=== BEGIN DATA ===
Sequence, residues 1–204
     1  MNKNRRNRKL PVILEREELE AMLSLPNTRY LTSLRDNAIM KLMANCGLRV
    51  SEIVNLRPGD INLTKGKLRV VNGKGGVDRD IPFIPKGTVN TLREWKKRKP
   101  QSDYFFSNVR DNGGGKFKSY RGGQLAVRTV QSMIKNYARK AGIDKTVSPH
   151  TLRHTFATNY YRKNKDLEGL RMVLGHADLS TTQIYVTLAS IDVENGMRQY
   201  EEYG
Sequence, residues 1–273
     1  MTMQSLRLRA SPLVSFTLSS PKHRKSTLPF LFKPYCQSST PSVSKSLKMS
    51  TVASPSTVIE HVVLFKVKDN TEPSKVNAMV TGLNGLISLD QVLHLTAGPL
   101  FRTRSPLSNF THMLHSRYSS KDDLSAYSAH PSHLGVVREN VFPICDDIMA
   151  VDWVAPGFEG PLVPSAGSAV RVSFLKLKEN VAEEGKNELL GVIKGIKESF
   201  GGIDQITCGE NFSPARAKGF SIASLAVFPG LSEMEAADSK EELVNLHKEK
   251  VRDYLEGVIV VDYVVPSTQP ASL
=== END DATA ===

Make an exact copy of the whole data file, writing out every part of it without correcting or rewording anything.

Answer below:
Sequence, residues 1–204
     1  MNKNRRNRKL PVILEREELE AMLSLPNTRY LTSLRDNAIM KLMANCGLRV
    51  SEIVNLRPGD INLTKGKLRV VNGKGGVDRD IPFIPKGTVN TLREWKKRKP
   101  QSDYFFSNVR DNGGGKFKSY RGGQLAVRTV QSMIKNYARK AGIDKTVSPH
   151  TLRHTFATNY YRKNKDLEGL RMVLGHADLS TTQIYVTLAS IDVENGMRQY
   201  EEYG
Sequence, residues 1–273
     1  MTMQSLRLRA SPLVSFTLSS PKHRKSTLPF LFKPYCQSST PSVSKSLKMS
    51  TVASPSTVIE HVVLFKVKDN TEPSKVNAMV TGLNGLISLD QVLHLTAGPL
   101  FRTRSPLSNF THMLHSRYSS KDDLSAYSAH PSHLGVVREN VFPICDDIMA
   151  VDWVAPGFEG PLVPSAGSAV RVSFLKLKEN VAEEGKNELL GVIKGIKESF
   201  GGIDQITCGE NFSPARAKGF SIASLAVFPG LSEMEAADSK EELVNLHKEK
   251  VRDYLEGVIV VDYVVPSTQP ASL